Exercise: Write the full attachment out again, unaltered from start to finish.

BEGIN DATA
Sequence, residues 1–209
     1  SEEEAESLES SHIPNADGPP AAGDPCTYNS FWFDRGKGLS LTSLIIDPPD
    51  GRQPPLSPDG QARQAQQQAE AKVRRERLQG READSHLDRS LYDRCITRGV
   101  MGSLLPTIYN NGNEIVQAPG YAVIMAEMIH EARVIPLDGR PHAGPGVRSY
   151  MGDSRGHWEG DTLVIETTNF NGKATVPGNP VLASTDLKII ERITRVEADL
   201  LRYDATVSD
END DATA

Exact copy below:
Sequence, residues 1–209
     1  SEEEAESLES SHIPNADGPP AAGDPCTYNS FWFDRGKGLS LTSLIIDPPD
    51  GRQPPLSPDG QARQAQQQAE AKVRRERLQG READSHLDRS LYDRCITRGV
   101  MGSLLPTIYN NGNEIVQAPG YAVIMAEMIH EARVIPLDGR PHAGPGVRSY
   151  MGDSRGHWEG DTLVIETTNF NGKATVPGNP VLASTDLKII ERITRVEADL
   201  LRYDATVSD